To close what CEO Jason Brooks said was a “year of two halves,” Rocky Brands ended 2020 with a quarterly sales increase of 16.3 percent to $87.6 million and net income that nearly doubled to $9.7 million. With the final quarter results, Rocky Brands was able to salvage positive sales growth for 2020 at 2.6 percent.
But for 2021, much of the hype about the family of footwear brands, which consists of Rocky, Georgia Boot, Durango, Lehigh Outfitters and licensed brand Michelin Footwear, rests on the new faces the company is bringing aboard.
In a Nutshell: In January, Rocky Brands entered into a $230 million definitive agreement to acquire the performance and lifestyle footwear business of Honeywell International, Inc. including The Original Muck Boot Company and Xtratuf footwear brands.
“With innovative and authentic product collections that complement our existing offering with minimal overlap, we will be in a position to strengthen our wholesale relationships and survey our wider consumer audience,” Brooks said in an earnings call. “We believe there is tremendous upside for leveraging our advanced fulfillment capabilities to improve distribution of the new brands to wholesale customers and accelerate direct-to-consumer penetration. Today, these brands are fulfilled from a distribution center that includes numerous other product categories such as hardhats and PPE items. We believe we can meaningfully reduce their fulfillment costs as we’ve integrated our business and begin shipping product out of our DC in Ohio.”
Brooks said that the new brands would immediately be accretive to Rocky Brands’ gross margins. For 2020, sales of the acquired brands totaled approximately $205 million, with an adjusted EBITDA of $24.5 million.
In terms of Rocky Brands’ own manufacturing capabilities, Brooks confirmed that the company’s facilities in both Puerto Rico and the Dominican Republic are running at 100 percent. These facilities manufacture approximately 40 percent of Rocky Brands’ products.
Total inventory increased 1.1 percent to $77.6 million compared to $76.7 million on the same date a year ago.
Rocky Brands’ largest category, work boots, saw sales increase 18 percent, led by Georgia Boot, which saw new collections perform well at retailers such as Tractor Supply, Boot Barn and Coastal Farm & Ranch alongside many other smaller independent accounts.
But the outdoor footwear manufacturer’s Western category actually saw the most growth, boosting fourth quarter sales at a pace of 43 percent year over year, following a 27 percent increase in the third quarter. Rocky’s outdoor business increased 20 percent, despite what Brooks described as “less than optimal weather for hunting across much of the country.”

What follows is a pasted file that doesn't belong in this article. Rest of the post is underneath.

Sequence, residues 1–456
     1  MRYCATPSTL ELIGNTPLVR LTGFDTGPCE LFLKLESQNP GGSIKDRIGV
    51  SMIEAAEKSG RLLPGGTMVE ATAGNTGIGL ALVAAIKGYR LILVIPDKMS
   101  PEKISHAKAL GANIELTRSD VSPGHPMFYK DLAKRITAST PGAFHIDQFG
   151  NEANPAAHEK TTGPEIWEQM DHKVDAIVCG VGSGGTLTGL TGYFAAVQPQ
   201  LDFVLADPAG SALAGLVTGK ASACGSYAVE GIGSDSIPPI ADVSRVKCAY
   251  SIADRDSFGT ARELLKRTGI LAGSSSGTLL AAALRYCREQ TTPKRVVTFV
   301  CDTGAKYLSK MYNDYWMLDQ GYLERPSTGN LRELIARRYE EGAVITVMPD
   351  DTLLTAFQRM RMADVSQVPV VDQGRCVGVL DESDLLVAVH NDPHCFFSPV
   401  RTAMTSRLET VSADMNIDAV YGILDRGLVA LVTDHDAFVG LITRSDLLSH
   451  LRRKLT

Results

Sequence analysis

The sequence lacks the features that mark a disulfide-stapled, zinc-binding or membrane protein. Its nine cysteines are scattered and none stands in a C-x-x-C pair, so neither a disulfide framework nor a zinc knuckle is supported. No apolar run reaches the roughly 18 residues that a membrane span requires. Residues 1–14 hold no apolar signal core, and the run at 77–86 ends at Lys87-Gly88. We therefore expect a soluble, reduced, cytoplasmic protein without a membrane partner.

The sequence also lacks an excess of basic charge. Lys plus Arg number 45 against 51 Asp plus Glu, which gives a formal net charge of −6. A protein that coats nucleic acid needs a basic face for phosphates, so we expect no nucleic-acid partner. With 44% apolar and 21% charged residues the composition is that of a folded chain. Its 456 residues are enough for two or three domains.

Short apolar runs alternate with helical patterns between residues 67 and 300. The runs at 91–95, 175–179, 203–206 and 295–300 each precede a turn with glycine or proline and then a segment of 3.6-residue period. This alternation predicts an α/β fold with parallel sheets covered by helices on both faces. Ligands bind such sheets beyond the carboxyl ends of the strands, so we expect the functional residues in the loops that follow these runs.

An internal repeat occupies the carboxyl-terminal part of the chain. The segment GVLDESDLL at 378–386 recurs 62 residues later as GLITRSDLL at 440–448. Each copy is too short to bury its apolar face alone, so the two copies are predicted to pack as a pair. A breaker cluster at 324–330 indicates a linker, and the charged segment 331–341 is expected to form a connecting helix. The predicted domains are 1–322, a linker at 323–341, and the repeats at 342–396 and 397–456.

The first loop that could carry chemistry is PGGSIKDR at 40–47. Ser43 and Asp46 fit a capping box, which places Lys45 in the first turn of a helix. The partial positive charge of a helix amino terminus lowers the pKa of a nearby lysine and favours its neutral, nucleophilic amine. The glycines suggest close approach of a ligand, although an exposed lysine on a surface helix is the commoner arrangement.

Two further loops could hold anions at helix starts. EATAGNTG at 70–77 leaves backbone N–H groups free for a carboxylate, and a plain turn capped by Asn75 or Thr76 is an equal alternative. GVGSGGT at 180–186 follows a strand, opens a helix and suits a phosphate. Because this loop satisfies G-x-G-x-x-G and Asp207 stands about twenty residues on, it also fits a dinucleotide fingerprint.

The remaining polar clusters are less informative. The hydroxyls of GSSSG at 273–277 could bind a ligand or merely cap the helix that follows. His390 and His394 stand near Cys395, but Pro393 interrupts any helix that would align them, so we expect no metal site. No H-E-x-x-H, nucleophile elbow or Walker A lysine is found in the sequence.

Gross margin in the quarter increased 27.8 percent to $36.1 million, or 41.2 percent of sales, compared to $28.3 million, or 37.5 percent of sales, for the same period last year. The 370-basis-point increase was primarily attributable to higher wholesale margins driven by increased full-priced selling along with higher retail margins, the company said.
Gross margins by segment were as follows: retail led the way at 48.7 percent, wholesale margins were 39.1 percent of sales and the military category had the weakest margins at 30 percent.
Cash and cash equivalents increased $12.8 million, or 82.7 percent, to $28.4 million, compared to $15.5 million on the same date a year ago.
For 2021 projections, Rocky Brands isn’t including the newly acquired brands yet, as the deal will not close until March. With that in mind, the company is projecting revenues to increase in the mid-single-digit range, led by its retail division and followed by wholesale. With the recent Navy contract that the company was awarded, Rocky Brands expects military segment sales to be flat this year.
Net sales: Fourth-quarter net sales increased 16.3 percent to $87.6 million, up from net sales of $75.3 million in the fourth quarter of 2019. By segment, wholesale sales increased 21.7 percent to $59.9 million, retail sales increased 13.1 percent to $23.5 million and military sales decreased 21.4 percent to $4.2 million.
The Georgia Boot, Rocky and Durango lines all saw double-digit sales growth, while e-commerce sales jumped 33 percent in the quarter.
For fiscal year 2020, net sales increased 2.6 percent to $277.3 million versus net sales of $270.4 million in 2019.
Earnings: Net income in the final quarter leapt 91.1 percent to $9.7 million, or $1.33 per diluted share, compared to $5.1 million, or 68 cents per diluted share in the year ago period. Adjusted net income for the fourth quarter of 2020, which excludes acquisition-related expenses, was $10.3 million, or $1.41 per diluted share.
Income from operations jumped 93.8 percent to $12.9 million, compared to $6.7 million for the same period a year ago. Adjusted operating income for quarter was $13.6 million.
For fiscal 2020, net income increased 20.1 percent to $21 million, or $2.86 per diluted share, compared with a net income of $17.5 million, or $2.35 per diluted share, for fiscal 2019. Adjusted net income for the year was $23.1 million, or $3.14 per diluted share, compared to an adjusted net income of $16.9 million, or $2.27 per diluted share in 2019.
CEO’s Take: “During the back half of the year, we had to adjust productivity to keep up with demand for some key styles and compensate for some of our suppliers who have been constrained due to Covid-related restrictions,” Brooks said. “This ability to dial up and dial down our production schedules in response to the market volatility and speed to market, underscores the benefits of our vertically integrated manufacturing structure, which we believe is a key competitive advantage.”